A Geological Wonderland
Manitoulin Island itself has 108 freshwater lakes, some of which have their own islands; in turn several of these “islands within islands” have their own ponds. Lake Manitou, at 104 sq km/40 sq mi, is the largest lake in a freshwater island in the world (with an area of 2,766 sq km/1,068 sq mi) and Treasure Island in Lake Mindemoya is the largest island in a lake on an island in a lake in the world.
Manitoulin separates the larger part of Lake Huron to its south and west from Georgian Bay to its east and the North Channel to the north.
Manitoulin has two incorporated towns, eight townships, and six First Nations. It is home to about 13,000 permanent residents—about 40% First Nation and 60% of European extraction. What sets Manitoulin apart from most other Canadian communities is the unique relationship, indeed partnership, that the two communities have.
The Island is also “home” to many seasonal residents.
Access to the Island is by the seasonally operating Chi-Cheemaun ferry, which runs between South Baymouth and the village of Tobermory on Ontario’s Bruce Peninsula; the one-lane swing bridge at Little Current (which is open for 15 minutes every hour in season to allow boats to pass between Georgian Bay and Lake Huron’s North Channel); and by private plane to one of two airports.
Some say that Manitoulin operates in its own time zone—known as ‘Island time’— a simpler, slower pace, more in tune with the environment and the great spirit Manitou. It’s a place for hunting and fishing, bicycle and horseback riding, kayaking and sailing, forest walks and stargazing. And it’s a place for the arts—written, visual, musical, dramatic—with galleries, productions, shows, and concerts.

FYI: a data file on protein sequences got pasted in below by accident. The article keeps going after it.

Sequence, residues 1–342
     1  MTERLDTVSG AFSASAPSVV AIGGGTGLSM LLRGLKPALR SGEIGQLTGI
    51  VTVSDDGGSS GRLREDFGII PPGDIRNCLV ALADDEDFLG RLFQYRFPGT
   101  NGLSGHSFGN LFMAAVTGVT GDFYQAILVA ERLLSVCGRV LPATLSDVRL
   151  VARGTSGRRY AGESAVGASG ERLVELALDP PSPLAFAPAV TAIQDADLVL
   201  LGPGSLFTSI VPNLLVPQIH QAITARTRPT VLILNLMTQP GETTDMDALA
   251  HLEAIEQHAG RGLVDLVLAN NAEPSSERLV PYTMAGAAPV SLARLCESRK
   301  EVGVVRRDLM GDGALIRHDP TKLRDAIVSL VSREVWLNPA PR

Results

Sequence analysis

Woods and meadows, pastures and croplands, unique alvars, bays and beaches. Farmers’ markets, summer festivals, powwows. A hospital with two sites, 10 schools (among them two high schools), a variety of coffee shops and restaurants, and even two breweries.
Like the other Great Lakes islands, Manitoulin relies heavily on tourism, but also counts government services, the service industry, and agriculture among its top economic drivers.
Manitoulin Island is a geological wonderland, and home to a great variety of interesting and sometimes unique flora and fauna. Salmon and trout spawn on the Mindemoya, Kagawong and Manitou rivers. Lakes Manitou, Kagawong and Mindemoya are internationally known fishing destinations. Georgian Bay and Lake Huron’s North Channel, with their drinkable clear water, are consistently ranked as one of the finest cruising destinations in the world.
An adventuresome hiking trail winds steeply up the spine of the Niagara escarpment to the Cup and Saucer, the highest spot on Manitoulin Island. From there the horizon stretches in every direction, a panorama of hills, forest, and lake—all surrounded by a ring of bright water.